Dardonville Furniture Restoration, owned by the Parisian couple Christian Dardonville and Catherine Lheureux, who now call Shoreline home, has kept their humble roots but created a uniquely special business.
Just by walking into the woodshop one would never suppose the highest of French woodworking and artistic quality is assembled, refinished and restored right here in Shoreline.
Trained since his early 20s in Paris, Dardonville got into woodworking to pay for his college education.
“His dad wanted him to study law but he didn’t want that for his future, ” Lheureux said.
“I decided to get training for woodworking,” Dardonville says, finishing his wife’s thought.
His training lead him to Paris and away from his original plan to study psychology in the south of France. He began working with some of the best woodworkers and restorers in Paris, like Henri Desgrippes, and was offered a grant from the French Ministry of Culture. After only a few years and the renewal of his grant he was restoring furniture at Versailles, the musée Nissim de Camondo and at the Getty Museum in Los Angeles.
After his extensive training he decided to open his own business in Paris in 1989.
“I did that for 12 years and on January 1 of 2000 my family and I decided to move to the States,” Dardonville said.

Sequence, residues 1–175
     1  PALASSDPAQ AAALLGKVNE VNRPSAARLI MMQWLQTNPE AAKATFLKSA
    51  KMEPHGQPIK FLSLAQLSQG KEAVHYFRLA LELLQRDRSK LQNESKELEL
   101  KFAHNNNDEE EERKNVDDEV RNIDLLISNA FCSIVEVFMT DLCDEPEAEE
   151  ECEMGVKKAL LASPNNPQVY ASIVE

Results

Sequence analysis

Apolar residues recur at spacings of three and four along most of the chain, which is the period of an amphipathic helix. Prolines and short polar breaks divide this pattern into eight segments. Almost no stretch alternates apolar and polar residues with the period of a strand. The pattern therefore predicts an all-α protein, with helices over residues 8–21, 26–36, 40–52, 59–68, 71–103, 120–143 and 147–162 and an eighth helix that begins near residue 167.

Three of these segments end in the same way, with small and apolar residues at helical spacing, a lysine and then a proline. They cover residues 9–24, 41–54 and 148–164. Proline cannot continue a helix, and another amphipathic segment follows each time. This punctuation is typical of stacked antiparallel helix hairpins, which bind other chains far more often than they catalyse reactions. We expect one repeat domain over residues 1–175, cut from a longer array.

His wife jokes about his first job in the new country, “He lasted a day and a half.”
The owner of the company didn’t think he could make a living using such old techniques. Dardonville has since proved this assumption wrong.
In 2003, he began working on his own, subleasing space at a shop behind University Village in Seattle. It was there that he began gaining his own following and building his reputation as a gifted and skilled craftsman.
In 2005 he moved his business to Shoreline and continues to utilize his many skills. He restores antiques, custom builds replicas of antiques, does some custom furniture building for commercial businesses, and works as an interior designer. Often times someone will bring him a picture of a particular piece they wish to have replicated and Dardonville uses the photo to guide him in his work.
“I work differently, I do very personalized stuff,” he states.
Recently Dardonville restored a Bergère that had a commercial finish, and some ugly old fabric. He used a French polish on it, and sent it to Manning and Son in Seattle to be reupholstered (2610 NE 55th street). The result was spectacular.
He admits he doesn’t have a favorite type of job but prefers having many projects. He has a project in September for a client’s living room:
“I have to stain the wood paneling on the walls to match the decorative antlers in the room,” he stated.
For many of his finishes he uses what’s called a French polish. He is the only person in Seattle using this type of finishing.
“I was very spoiled in Paris. I had all the supplies I needed. It has taken me a long time to find the tools here to reach the same level of quality I produced while in Paris,” he admits.
One of the most interesting things about Dardonville is his resilience. He’s basically worked his way up from the bottom in France and then had to do the same many years later when he arrived in the States.
Lheureux commends this resilience and attributes it not only to his talent but also to his work ethic and loyalty to his clients and family. He always comes home for dinner but some nights he can be found in his workshop until 2 a.m. finishing a project.